145. ConspicuousCarlon 21 Apr 2012 at 5:50 pm

    Dirk Steele on 21 Apr 2012 at 2:51 pm

    Neurology is the medical discipline that treats diseases/disorders of the brain. Psychiatry is concerned with diseases of the mind. Since the mind is not a thing and cannot be objectively measured – psychiatry is a pseudoscience.

    To deny the existence of the mind is to prove the rule with one’s own exception.

  146. Rikki-Tikki-Tavion 21 Apr 2012 at 5:51 pm

    People, we all appreciate the effort, but there is no sound evidence that trolls do in fact explode when you feed them too much.

  147. Dirk Steeleon 21 Apr 2012 at 6:09 pm

    @ConspicuousCarl

    .To deny the existence of the mind is to prove the rule with one’s own exception.’

    yes well done. Good humour there.

    So you think that the mind is a thing. An object. You can hold it? You can look at it under a microscope? One can even lose it! Mental illness exists? Do you even understand the concept of a metaphor?

  148. Dirk Steeleon 21 Apr 2012 at 6:17 pm

    @Rikki-Tikki-Tavion 21 Apr 2012 at 5:51 pm

    ‘People, we all appreciate the effort, but there is no sound evidence that trolls do in fact explode when you feed them too much.’

    Nice one! I appreciate the effort even though the execution and intellect leave something to be desired.

  149. Dirk Steeleon 21 Apr 2012 at 6:23 pm

    In a wonderful example of Jungian synchronicity, I am at this moment watching the film ‘One Flew over the cookoo’s nest’ on the good old BBC. It still remains the most accurate portrayal of psychiatry captured on celluloid.

  150. ConspicuousCarlon 21 Apr 2012 at 6:26 pm

    I don’t know, Rikki, his head certainly seems to be inflating.

  151. ConspicuousCarlon 21 Apr 2012 at 6:35 pm

    Dirk Steele on 21 Apr 2012 at 6:09 pm

    So you think that the mind is a thing. An object. You can hold it? You can look at it under a microscope?

    Ignoring your straw man in the second sentence, I will just note that you obviously don’t apply the same juvenile arguments to language, or else you wouldn’t be here saying all of this dumb stuff. You clearly believe that words are real and language is a valid subject. What about illiteracy? Is that not a problem to be treated? Do you believe that only ink and paper manufacturers are the only ones engaged in a valid practice? Is teaching people to read and write a pseudoscience because words aren’t physical objects?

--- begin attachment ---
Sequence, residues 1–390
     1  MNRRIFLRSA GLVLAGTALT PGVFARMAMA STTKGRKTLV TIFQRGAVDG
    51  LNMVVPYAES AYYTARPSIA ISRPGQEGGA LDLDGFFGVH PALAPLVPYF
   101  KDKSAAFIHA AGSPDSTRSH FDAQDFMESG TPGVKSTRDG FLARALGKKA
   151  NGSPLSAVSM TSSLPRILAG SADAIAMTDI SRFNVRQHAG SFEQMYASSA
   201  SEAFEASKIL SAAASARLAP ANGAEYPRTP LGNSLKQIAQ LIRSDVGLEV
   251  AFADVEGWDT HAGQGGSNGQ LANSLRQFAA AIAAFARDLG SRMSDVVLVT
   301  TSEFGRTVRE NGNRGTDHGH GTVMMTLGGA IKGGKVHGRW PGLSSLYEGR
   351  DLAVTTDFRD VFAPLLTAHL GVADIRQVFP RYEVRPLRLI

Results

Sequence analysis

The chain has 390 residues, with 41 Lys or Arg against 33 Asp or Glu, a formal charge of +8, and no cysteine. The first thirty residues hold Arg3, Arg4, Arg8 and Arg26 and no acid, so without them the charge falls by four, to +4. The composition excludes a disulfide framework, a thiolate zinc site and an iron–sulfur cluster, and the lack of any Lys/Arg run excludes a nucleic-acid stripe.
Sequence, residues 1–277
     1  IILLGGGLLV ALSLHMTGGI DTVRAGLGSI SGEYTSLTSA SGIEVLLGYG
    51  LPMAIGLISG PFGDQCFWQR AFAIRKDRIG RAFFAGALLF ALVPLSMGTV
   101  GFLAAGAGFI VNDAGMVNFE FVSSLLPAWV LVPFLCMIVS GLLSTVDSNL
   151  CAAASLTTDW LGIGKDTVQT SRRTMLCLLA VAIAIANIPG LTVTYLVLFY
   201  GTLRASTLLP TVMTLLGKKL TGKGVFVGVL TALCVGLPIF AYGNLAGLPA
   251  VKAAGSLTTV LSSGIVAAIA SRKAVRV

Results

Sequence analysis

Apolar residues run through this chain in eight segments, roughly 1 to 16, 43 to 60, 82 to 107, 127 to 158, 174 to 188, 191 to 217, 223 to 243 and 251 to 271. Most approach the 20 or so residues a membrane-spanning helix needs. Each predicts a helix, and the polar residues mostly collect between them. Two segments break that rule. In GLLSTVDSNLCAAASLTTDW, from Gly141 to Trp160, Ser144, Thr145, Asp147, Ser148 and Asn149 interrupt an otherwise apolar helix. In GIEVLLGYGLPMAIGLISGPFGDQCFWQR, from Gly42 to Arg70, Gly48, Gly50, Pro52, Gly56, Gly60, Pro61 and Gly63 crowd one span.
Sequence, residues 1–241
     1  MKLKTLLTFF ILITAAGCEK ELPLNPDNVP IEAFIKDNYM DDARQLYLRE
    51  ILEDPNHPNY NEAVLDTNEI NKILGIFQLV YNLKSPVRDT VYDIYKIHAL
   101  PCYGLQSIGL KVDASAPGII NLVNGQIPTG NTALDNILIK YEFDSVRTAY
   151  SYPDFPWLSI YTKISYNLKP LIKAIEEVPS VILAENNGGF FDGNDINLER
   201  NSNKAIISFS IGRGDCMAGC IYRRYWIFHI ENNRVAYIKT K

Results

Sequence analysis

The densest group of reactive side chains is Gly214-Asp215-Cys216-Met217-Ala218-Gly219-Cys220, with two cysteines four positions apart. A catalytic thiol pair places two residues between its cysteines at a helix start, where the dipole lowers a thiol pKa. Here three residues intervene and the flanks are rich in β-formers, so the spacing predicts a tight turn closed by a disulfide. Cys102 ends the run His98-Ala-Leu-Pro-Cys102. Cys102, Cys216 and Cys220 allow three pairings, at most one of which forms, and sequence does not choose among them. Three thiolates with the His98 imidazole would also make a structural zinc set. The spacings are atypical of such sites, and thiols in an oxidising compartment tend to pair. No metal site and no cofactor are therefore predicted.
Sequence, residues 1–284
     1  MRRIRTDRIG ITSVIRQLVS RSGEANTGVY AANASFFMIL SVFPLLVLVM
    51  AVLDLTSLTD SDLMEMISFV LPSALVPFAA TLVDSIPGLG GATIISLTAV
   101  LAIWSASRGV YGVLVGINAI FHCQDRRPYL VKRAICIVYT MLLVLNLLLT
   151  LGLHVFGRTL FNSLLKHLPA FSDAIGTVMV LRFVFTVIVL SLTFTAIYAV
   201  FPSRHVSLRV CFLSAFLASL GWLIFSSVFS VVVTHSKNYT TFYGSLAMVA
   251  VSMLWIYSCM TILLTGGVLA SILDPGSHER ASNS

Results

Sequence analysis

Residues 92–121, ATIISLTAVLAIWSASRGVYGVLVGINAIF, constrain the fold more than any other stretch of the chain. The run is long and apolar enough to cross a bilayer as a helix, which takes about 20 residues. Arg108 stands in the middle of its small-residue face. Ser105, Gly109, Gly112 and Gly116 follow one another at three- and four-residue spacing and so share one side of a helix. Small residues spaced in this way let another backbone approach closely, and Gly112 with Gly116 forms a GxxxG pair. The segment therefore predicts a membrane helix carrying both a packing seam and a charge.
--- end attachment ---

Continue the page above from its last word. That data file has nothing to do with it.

152. cwfongon 21 Apr 2012 at 6:38 pm

    @Dirk,
    “Neurology is the medical discipline that treats diseases/disorders of the brain. Psychiatry is concerned with diseases of the mind. Since the mind is not a thing and cannot be objectively measured – psychiatry is a pseudoscience.”

    If the mind is not a “thing” what is the intellect that you seem unduly proud of?
    (I won’t ask about the logic that’s gone missing, since you might not have had enough of it to lose.)

  153. Dirk Steeleon 21 Apr 2012 at 6:39 pm

    @ConspicuousCarl

    ‘I don’t know, Rikki, his head certainly seems to be inflating.’

    Ha! You guys are such great comedians. Do you have a TV show? I have now watched every episode of Friends and am looking for something new that might provide a similar modicum of entertainment.

  154. Dirk Steeleon 21 Apr 2012 at 6:52 pm

    @ConspicuousCarl

    What about illiteracy? Is that not a problem to be treated? Do you believe that only ink and paper manufacturers are the only ones engaged in a valid practice? Is teaching people to read and write a pseudoscience because words aren’t physical objects?

    Not medically treated no. Do you think that it should be? The DSM states that difficulties with mathematics is a mental disorder. Which psychiactric drug do you recommend for the cure?

    Last time I looked.. most words were physical objects. Either in soundwaves or on paper in ink for example. But I do not understand what you are trying to tell me here.

  155. Dirk Steeleon 21 Apr 2012 at 6:55 pm

    @cwfongo

    ‘If the mind is not a “thing” what is the intellect that you seem unduly proud of?
    (I won’t ask about the logic that’s gone missing, since you might not have had enough of it to lose.)’

    Are you saying that the mind is a physical object?

  156. steve12on 21 Apr 2012 at 7:04 pm

    “You need to explain why you think I am maintaining mutually exclusive stances. I do not see the connection.”

    I dunno, hallucinations are caused by the brain and are pathological, yet, it’s nothing but a metaphor?

    Having a conversation with someone who disingenuously dodges every point that’s made is boring. If you want stubbornly to get lost in your semantic nonsense, have fun.

  157. cwfongon 21 Apr 2012 at 7:12 pm

    @Dirk, “Are you saying that the mind is a physical object?”

    No, but it’s the property of a physical object. You, for example, mentioned intellect. Do you see that as the property of a physical object, or an independent object, or if not a thing, as somehow an effective essence with no thing at all involved? Whatever the case, you seem to give it some importance, especially when some-thing, of whatever intellect consists of, is lacking.